This is an inspiring feel-good story, which is fine, since public awareness and support makes this networking effort even more successful, so the Times does not poke at a couple of questions that might break the mood. But here we go:
1. Hey, those one-percenters are good for something! Let's hear about the founder:
Garet Hil and his wife, Jan, may never fully recover from the snowy night in February 2007 when they took their 10-year-old daughter in with flu symptoms and emerged with a shocking diagnosis of nephrophthisis, a genetic kidney-wasting disease. They could not imagine sacrificing her youth to dialysis.
Because Mr. Hil and his daughter shared the same blood type, he assumed he would be able to give her one of his kidneys. But two days before surgery, doctors canceled the operations after discovering that his daughter had developed antibodies that would most likely cause rejection.
Jan Hil and six other family members volunteered but were also ruled out. Mr. Hil and his daughter joined several of the registries that had started to arrange kidney exchanges, but the pools were small and they never found a match. Fortunately, one of Mr. Hil’s nephews then was tested and was able to donate.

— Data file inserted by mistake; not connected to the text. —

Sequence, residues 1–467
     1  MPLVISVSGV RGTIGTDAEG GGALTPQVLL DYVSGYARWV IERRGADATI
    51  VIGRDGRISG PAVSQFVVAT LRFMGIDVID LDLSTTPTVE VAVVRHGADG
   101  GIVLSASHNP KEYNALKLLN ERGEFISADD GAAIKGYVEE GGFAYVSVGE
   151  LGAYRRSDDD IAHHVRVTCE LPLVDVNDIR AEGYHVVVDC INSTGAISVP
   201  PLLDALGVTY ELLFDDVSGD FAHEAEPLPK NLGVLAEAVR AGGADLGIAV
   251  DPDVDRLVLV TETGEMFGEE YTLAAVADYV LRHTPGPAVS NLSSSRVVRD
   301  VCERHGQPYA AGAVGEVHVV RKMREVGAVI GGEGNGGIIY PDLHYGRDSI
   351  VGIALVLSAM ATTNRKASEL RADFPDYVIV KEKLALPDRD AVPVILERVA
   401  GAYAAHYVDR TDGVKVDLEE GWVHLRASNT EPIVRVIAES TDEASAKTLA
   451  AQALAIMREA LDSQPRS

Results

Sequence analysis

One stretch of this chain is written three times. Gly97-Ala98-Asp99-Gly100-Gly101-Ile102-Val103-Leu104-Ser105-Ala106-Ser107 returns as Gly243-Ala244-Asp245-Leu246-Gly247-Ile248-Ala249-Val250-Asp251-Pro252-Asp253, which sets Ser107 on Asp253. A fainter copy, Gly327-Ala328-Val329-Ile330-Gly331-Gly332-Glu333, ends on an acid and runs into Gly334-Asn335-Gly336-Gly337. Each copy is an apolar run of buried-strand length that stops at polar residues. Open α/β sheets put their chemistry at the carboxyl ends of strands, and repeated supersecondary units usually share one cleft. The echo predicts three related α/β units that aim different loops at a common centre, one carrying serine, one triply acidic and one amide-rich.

After the successful transplant, Mr. Hil, a veteran business executive, could not shake his frustration that a more effective registry for paired kidney donation did not exist. “The exchange systems out there weren’t industrial strength,” he said.
By the end of 2007, the Hils had formed the National Kidney Registry and rented office space in an old clapboard house in Babylon, N.Y. The couple invested about $300,000 to start it, and Mr. Hil, who is now 49, ran the registry without a salary.
“The goal was very simple: get everybody transplanted in under six months if you had a living donor,” he said. “One of the things that drove us was the enormity of the problem. The other thing that drove us was that we understood the pain of being in that situation.”